I'm convinced that most people are confused about divorce because they are confused about marriage. Whenever you embark on a discussion of divorce without having predicated it on God's teaching about marriage, you have reversed the order. So let's try to get the order right.
Before God laid down his definitive statement about divorce in Malachi 2:16, He revealed His attitude more broadly in light of His definition of marriage. Malachi wrote to a people who were bothered that God would not accept their worship. So, through the prophet, the Lord let them know why He would not accept it. In the midst of this indictment we read,
This is another thing you do: you cover the altar of the Lord with tears, with weeping and with groaning, because He no longer regards the offering or accepts it with favor from your hand.... The Lord has been a witness between you and the wife of your youth, against whom you have dealt treacherously, though she is your companion and your wife by covenant. (Malachi 2:13–14, italics added)
There it is. In that one word, covenant, God defines marriage for us. The reason divorce is very hard and very narrow in Scripture is that marriage is a divinely covenanted relationship. It is not just a haphazard ceremony where two people stand before a preacher, say "I do," and go on a honeymoon.
Unless you understand that marriage is designed by God and for God's purposes, you will view it on the human level only. One of the reasons we are so quick to discount marriage is that we have kept it earthly. We have forgotten that we are illustrating the nature and purposes of God.
A covenant is a spiritually binding relationship between God and His people. It has legal status in the spiritual realm that includes certain agreements, conditions, benefits, and effects. In other words, God operates by the rule of His covenant.
Whenever God sought to formalize His relationship with His people, He established a covenant. Some of these covenants that you might be familiar with include the Abrahamic Covenant, the Mosaic Covenant, the Davidic Covenant, and the New Covenant.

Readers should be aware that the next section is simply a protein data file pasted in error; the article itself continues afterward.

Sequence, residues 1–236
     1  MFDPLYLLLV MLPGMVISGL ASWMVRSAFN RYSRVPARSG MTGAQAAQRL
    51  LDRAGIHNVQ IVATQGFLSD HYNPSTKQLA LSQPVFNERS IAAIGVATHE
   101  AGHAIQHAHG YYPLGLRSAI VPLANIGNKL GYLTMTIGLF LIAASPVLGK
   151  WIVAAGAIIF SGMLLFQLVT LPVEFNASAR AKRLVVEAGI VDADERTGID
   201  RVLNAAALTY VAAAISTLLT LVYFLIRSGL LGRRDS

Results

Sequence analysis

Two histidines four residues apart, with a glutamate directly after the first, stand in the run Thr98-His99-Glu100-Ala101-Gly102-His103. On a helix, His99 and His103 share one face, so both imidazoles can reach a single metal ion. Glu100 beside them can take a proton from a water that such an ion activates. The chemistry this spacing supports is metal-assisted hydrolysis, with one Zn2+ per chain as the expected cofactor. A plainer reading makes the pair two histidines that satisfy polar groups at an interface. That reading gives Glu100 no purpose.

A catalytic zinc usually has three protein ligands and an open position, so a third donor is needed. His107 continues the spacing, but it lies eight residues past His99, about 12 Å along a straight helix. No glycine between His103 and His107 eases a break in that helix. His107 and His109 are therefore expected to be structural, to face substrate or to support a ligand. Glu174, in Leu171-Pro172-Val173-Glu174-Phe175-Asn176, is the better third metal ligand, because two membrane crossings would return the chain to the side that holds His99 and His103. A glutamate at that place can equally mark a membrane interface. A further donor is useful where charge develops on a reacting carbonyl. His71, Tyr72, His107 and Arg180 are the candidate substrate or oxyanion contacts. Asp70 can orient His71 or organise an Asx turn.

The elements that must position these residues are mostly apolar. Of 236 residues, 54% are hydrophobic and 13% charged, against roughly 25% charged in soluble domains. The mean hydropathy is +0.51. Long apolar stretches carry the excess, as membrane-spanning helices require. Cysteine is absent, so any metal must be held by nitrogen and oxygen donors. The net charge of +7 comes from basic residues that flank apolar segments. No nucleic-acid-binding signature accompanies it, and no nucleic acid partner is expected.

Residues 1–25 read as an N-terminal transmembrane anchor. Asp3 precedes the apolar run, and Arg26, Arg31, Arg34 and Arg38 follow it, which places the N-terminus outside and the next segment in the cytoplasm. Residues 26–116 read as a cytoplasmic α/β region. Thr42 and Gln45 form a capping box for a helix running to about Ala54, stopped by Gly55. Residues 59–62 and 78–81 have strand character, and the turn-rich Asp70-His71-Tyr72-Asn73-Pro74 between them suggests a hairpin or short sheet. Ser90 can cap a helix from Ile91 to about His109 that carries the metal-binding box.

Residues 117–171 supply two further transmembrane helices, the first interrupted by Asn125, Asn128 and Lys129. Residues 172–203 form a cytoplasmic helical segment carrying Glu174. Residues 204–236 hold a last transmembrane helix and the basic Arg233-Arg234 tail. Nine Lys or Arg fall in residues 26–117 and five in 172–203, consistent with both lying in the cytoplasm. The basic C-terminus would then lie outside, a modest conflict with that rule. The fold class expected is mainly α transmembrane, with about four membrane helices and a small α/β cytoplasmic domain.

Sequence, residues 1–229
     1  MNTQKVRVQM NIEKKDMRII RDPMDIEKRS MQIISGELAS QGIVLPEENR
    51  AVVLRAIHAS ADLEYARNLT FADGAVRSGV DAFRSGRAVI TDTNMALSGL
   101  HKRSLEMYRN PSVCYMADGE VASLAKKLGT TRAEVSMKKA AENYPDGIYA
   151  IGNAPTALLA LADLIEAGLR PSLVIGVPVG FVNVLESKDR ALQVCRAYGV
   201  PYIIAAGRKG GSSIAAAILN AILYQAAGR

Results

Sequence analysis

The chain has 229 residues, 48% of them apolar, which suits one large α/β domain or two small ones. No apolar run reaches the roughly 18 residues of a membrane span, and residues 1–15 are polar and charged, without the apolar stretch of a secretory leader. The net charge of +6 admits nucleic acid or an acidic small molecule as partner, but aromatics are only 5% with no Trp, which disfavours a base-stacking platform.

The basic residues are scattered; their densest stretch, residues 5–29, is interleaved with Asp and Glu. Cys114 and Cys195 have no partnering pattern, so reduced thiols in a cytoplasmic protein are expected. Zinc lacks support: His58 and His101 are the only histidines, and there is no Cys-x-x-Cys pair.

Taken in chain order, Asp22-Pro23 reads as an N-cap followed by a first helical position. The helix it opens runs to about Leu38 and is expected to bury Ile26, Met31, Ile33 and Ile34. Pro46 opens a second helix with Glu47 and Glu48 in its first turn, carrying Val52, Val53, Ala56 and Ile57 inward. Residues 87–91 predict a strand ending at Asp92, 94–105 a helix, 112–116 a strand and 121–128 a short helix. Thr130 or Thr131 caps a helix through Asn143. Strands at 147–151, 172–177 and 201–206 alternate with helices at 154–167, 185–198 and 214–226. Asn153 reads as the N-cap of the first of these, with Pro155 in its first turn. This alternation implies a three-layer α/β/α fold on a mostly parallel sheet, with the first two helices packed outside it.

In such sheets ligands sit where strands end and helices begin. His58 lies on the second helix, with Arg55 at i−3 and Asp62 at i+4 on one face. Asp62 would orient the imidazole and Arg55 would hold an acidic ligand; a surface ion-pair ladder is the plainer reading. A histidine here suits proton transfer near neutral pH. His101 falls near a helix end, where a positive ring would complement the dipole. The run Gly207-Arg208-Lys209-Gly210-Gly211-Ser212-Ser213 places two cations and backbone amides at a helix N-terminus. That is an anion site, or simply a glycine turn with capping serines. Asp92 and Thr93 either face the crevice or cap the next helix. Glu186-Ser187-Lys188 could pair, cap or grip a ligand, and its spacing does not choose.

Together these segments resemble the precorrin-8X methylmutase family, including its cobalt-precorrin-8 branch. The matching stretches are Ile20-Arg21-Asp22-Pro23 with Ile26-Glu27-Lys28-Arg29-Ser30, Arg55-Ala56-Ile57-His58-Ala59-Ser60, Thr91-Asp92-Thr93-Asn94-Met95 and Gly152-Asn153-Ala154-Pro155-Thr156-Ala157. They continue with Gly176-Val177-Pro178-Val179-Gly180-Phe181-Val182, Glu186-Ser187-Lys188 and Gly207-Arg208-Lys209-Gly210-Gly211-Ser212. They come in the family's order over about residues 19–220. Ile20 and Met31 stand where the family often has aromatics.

Keep in mind that a covenant is much more than a contract. A contract involves requirements and expectations that can be fulfilled in the absence of any personal relationship. However, a covenant always includes a relationship as well. It has the legal considerations of a contract yet includes an essential relational component.
The purpose of covenants in the Bible was always to expand God's kingdom. A covenant was never established with the end goal of making people happy. However, frequently, married couples will make the mistake of viewing their relationship as a success or failure based on whether one or both parties are happy.
While happiness is the result of a well-functioning covenant, it is never the purpose of it. If you start with the covenant, you will wind up with happiness. But the reverse of that is not true. When you make happiness the goal, then Satan has you where he wants you because he knows what buttons to push and what strings to pull to make you unhappy.
A covenant is designed to reflect God Himself. The marriage covenant in particular is designed to strengthen the capability of each partner to carry out the plan of God in their lives. God is one God, yet He is also distinct in three persons—the Father, Son, and Holy Spirit. These three are one in essence and unified in purpose. This makes God Himself the greatest demonstration of a covenantal relationship and the most accurate illustration of the marital covenant. A biblical covenant is a divinely ordained contract that is predicated on relational unity of purpose.
A covenant is much more than a modern-day contract because a covenant is predicated on a relationship. You can enter into a business deal and have no real relationship with the other party as long as the deal looks solid. In a marriage, that's not the case, because marriage is a covenant. It's based on relationship.
If you want to be part of the family of God, you must enter into a covenant relationship with Jesus Christ. A covenant is more than a contract even though covenants have contractual elements. When you enter into a covenant, you commit yourself to a relationship.
Our marriages today are crumbling at such a fast pace, not because we no longer get along, but because we have lost sight of the purpose and prosperity of the marriage covenant.
Marriage matters. It matters to God. It matters to the body of Christ. It matters to the generations coming after it. It matters to our culture, and to the advancement of God's kingdom agenda on earth. Since covenants have such unique intentions, they should never be taken lightly.
This whole concept is so important that I want to look at three truths about covenants before we talk about the specific issues involved in divorce and remarriage. Remember, until we understand God's standard for marriage, we won't know how to address the issue of divorce.
First of all, all legitimate covenants in Scripture are established by God. They're His covenants. There is a fancy theological term for that called transcendence. Transcendence simply means that covenants are both initiated and ruled by God. God, and not man, is sovereign over what the covenant is and how it should operate.
That may seem like an obvious statement to make, but it is a critical piece of the covenant. In order for a covenant to function with the benefits and blessings tied to it, it has to run according to God's transcendence. In fact, every spiritual covenant assumes God's active involvement over, and in all aspects of, the relationship in order for it to work.